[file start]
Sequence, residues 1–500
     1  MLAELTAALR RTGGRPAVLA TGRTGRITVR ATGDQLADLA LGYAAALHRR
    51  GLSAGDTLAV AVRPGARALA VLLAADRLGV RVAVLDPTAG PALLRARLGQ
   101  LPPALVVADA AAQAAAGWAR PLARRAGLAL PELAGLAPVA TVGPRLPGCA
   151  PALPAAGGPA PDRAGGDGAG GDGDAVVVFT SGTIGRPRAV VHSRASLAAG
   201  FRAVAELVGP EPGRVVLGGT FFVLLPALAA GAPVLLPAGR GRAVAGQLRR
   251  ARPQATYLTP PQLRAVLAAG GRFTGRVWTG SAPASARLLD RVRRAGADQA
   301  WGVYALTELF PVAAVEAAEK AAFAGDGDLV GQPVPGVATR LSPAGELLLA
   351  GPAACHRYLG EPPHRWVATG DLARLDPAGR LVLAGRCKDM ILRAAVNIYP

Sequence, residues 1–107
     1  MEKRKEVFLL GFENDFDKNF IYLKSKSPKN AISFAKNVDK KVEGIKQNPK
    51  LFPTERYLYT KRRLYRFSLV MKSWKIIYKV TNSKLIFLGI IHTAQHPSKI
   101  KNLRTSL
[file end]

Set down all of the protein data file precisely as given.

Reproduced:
Sequence, residues 1–500
     1  MLAELTAALR RTGGRPAVLA TGRTGRITVR ATGDQLADLA LGYAAALHRR
    51  GLSAGDTLAV AVRPGARALA VLLAADRLGV RVAVLDPTAG PALLRARLGQ
   101  LPPALVVADA AAQAAAGWAR PLARRAGLAL PELAGLAPVA TVGPRLPGCA
   151  PALPAAGGPA PDRAGGDGAG GDGDAVVVFT SGTIGRPRAV VHSRASLAAG
   201  FRAVAELVGP EPGRVVLGGT FFVLLPALAA GAPVLLPAGR GRAVAGQLRR
   251  ARPQATYLTP PQLRAVLAAG GRFTGRVWTG SAPASARLLD RVRRAGADQA
   301  WGVYALTELF PVAAVEAAEK AAFAGDGDLV GQPVPGVATR LSPAGELLLA
   351  GPAACHRYLG EPPHRWVATG DLARLDPAGR LVLAGRCKDM ILRAAVNIYP

Sequence, residues 1–107
     1  MEKRKEVFLL GFENDFDKNF IYLKSKSPKN AISFAKNVDK KVEGIKQNPK
    51  LFPTERYLYT KRRLYRFSLV MKSWKIIYKV TNSKLIFLGI IHTAQHPSKI
   101  KNLRTSL